Are you interested in maximizing retirement income? Fixed-rate, income, and indexed annuities provide several techniques for achieving this objective, either as stand-alone options or in sequence.
In addition to Social Security and pensions, annuities are the only financial products that may promise lifetime income.
Three primary options are available if you wish to protect future income with an annuity. Each is suitable for nonqualified (taxable) accounts and IRAs and Roth IRAs, and each has benefits and drawbacks.
Option 1: Deferred income annuities are simple and predictable, but a little flexible
A deferred income annuity (DIA) is a commitment by an insurer to pay a stream of income beginning on a predetermined date in the future. Typically, a single premium payment is required for this contract.
You can take the income for a specific term, such as 15 years, although most individuals pick the lifetime option. A single or joint annuity can be purchased to cover both couples. The popular optional cash-refund provision assures that your premium money will be returned to your beneficiaries in the case of your premature death before the income start date.
This plan is straightforward. You know precisely what your revenue will be beginning on the designated date. The disadvantage is that there is minimal to no flexibility. In exchange for future revenue, you have sent funds to the insurer, and you are dedicated.
Option 2: Income rider fixed indexed annuity is flexible but complicated with additional fees.
Fixed-indexed annuities allow purchasers to participate in a share of the stock market’s profits while providing complete loss protection. Dow Jones Industrial Average and S&P 500 indexes are used to calculate interest. However, you suffer no losses during bad years.
By adding a lifetime-income guarantee rider, you may ensure future income. Since the beginning date of payments is not determined at the time of purchase, you maintain flexibility.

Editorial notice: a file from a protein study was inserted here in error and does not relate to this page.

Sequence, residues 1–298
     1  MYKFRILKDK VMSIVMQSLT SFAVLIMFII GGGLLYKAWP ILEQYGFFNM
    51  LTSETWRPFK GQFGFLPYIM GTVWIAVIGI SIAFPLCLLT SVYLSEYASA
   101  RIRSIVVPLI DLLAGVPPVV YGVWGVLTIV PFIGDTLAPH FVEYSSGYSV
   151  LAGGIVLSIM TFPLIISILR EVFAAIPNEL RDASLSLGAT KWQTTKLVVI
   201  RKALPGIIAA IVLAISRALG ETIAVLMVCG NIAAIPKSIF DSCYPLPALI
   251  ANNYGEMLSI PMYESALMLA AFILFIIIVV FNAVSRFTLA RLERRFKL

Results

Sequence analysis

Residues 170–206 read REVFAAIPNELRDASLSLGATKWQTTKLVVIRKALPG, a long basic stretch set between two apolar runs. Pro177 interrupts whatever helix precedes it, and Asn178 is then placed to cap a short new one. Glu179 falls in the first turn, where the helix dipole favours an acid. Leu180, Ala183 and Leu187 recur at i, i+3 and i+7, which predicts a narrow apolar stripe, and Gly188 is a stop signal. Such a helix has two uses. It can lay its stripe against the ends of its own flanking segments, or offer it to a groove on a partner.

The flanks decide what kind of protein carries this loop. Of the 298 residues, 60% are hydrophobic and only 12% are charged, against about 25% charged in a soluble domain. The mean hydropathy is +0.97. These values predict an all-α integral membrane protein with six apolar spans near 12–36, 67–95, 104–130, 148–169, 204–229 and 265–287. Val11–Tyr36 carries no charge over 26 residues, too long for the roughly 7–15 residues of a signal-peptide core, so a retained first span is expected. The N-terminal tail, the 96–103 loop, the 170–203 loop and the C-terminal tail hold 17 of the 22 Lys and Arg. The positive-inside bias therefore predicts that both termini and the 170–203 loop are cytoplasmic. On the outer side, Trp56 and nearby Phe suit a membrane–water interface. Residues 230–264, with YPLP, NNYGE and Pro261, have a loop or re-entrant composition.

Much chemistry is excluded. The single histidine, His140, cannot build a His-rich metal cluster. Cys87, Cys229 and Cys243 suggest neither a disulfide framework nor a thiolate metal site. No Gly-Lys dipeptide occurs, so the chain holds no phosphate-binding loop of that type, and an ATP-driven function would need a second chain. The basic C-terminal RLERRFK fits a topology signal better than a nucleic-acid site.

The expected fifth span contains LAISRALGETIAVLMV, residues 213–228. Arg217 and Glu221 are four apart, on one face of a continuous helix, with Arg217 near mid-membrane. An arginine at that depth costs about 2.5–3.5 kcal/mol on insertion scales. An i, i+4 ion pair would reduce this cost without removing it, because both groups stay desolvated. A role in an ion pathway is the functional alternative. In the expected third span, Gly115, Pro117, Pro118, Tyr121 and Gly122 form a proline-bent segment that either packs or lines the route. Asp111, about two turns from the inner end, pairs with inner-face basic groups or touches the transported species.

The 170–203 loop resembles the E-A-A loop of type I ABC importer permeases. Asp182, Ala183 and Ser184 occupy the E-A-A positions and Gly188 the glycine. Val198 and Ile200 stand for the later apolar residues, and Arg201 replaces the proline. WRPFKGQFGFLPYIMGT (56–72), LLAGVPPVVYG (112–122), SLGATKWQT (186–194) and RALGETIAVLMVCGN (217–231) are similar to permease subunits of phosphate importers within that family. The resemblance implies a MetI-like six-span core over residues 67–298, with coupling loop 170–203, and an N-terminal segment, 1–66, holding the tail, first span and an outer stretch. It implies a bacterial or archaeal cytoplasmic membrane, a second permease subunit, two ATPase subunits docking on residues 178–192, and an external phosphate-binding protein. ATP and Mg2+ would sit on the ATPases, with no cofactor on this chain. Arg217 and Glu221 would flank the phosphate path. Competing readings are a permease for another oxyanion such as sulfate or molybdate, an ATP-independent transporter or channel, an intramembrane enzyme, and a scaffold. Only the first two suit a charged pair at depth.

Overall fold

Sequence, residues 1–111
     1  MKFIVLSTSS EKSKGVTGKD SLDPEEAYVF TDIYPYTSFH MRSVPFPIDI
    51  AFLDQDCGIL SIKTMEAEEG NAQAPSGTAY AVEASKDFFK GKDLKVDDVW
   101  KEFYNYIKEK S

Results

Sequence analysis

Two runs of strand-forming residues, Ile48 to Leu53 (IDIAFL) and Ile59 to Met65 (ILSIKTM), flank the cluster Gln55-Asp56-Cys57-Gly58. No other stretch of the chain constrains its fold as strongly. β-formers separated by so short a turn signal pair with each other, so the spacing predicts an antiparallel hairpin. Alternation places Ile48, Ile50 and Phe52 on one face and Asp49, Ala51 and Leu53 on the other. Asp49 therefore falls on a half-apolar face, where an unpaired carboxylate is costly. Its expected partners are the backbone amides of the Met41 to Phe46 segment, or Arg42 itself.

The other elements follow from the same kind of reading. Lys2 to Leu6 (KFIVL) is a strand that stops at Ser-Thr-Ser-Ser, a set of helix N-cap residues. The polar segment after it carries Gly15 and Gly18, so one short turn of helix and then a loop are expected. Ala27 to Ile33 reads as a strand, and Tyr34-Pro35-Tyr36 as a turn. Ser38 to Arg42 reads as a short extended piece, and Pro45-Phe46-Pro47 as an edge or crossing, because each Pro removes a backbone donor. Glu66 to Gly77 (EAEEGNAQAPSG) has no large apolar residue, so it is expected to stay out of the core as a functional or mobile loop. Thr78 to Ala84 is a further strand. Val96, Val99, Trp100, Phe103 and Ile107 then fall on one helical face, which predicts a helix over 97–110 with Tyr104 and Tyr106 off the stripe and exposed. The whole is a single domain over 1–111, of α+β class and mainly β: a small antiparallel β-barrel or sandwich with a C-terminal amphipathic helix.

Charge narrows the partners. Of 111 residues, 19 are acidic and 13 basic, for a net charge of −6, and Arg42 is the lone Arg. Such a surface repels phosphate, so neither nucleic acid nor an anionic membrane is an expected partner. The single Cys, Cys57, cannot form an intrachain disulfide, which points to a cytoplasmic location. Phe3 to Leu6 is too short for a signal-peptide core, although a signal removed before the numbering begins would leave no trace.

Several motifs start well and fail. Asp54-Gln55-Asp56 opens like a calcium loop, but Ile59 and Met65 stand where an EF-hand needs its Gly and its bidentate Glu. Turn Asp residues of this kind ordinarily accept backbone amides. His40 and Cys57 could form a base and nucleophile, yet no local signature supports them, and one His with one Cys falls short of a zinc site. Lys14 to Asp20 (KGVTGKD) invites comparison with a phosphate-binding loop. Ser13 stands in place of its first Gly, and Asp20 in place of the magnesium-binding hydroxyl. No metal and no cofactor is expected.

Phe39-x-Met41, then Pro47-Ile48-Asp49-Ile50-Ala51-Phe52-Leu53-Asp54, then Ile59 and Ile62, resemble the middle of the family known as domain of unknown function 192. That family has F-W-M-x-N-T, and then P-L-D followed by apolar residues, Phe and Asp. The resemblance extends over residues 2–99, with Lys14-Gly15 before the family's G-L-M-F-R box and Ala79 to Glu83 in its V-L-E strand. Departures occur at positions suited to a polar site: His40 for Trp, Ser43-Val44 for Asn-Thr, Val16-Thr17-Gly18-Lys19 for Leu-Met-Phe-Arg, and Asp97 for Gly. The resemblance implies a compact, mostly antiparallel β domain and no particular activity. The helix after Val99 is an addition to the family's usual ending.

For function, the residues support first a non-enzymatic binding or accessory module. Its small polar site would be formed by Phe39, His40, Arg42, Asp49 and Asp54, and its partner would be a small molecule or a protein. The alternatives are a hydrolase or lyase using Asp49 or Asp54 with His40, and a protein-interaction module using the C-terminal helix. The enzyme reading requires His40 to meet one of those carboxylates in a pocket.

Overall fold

Typically, when an annuity is converted into a stream of income (“annuitization”), its cash surrender value becomes zero. This is not the situation; you retain ownership of the unused value of your annuity.
The choice seems to offer the best of both worlds, but there are disadvantages.
One of the most significant is cost. Most insurers charge around 1 percent of the annuity’s assets annually to add an income rider. Therefore, your wealth will expand more slowly with the rider.
The lifetime income amount is decided by the size of the income account and your gender and age when payments begin. Income accounts increase in value at a guaranteed 4% to 8% compounded yearly rate, so the longer you wait, the more you earn.
The cash value and income account value of your contract are distinct. The value of your income account is only utilized to compute your guaranteed income payments, and it has no financial value and is not redeemable. In contrast, contract value may be withdrawn or bequeathed to heirs.
Moreover, shifting interest rates are a disadvantage. If the market enters a prolonged bear cycle, you may not earn anything on the value of your contract for years.
Option 3: Converting a fixed-rate annuity into an immediate annuity now provides flexibility and guaranteed growth, but future income is uncertain.
This may be the greatest option for those wishing to maintain control over their current finances, maintain flexibility, and increase their future income.
A fixed-rate delayed annuity (officially, a multi-year guarantee annuity, or MYGA ) functions similarly to a bank CD. You deposit a large sum and get a fixed interest rate for a specified time, often between two and ten years.
You will know the exact value of your annuity at the end of the period (assuming no withdrawals). Interest is postponed until it is reinvested in the annuity.
Here’s how this strategy works.
Suppose you intend to retire in five years. You purchase a fixed-rate five-year annuity. You may shop for the best value on an immediate-income annuity after the five-year period. If you hold your annuity in a nonqualified account, you can exchange it tax-free for an immediate annuity via a 1035 exchange.
An immediate annuity is virtually identical to a deferred income annuity (DIA), except that income payments begin immediately. Because immediate annuity rates will have changed in the interim, you won’t be able to predict your precise income.